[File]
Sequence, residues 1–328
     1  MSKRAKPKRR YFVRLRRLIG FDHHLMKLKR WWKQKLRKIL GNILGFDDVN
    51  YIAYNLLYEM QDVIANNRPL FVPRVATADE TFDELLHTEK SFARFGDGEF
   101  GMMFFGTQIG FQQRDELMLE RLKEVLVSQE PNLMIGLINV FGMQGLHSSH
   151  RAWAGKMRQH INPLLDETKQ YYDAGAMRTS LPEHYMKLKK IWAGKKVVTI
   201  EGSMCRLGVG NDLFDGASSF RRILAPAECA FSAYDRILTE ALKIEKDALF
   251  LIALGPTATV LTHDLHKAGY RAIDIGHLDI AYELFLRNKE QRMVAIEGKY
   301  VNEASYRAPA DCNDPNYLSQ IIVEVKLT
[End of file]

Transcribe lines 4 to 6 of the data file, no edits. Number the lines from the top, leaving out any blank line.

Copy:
   101  GMMFFGTQIG FQQRDELMLE RLKEVLVSQE PNLMIGLINV FGMQGLHSSH
   151  RAWAGKMRQH INPLLDETKQ YYDAGAMRTS LPEHYMKLKK IWAGKKVVTI
   201  EGSMCRLGVG NDLFDGASSF RRILAPAECA FSAYDRILTE ALKIEKDALF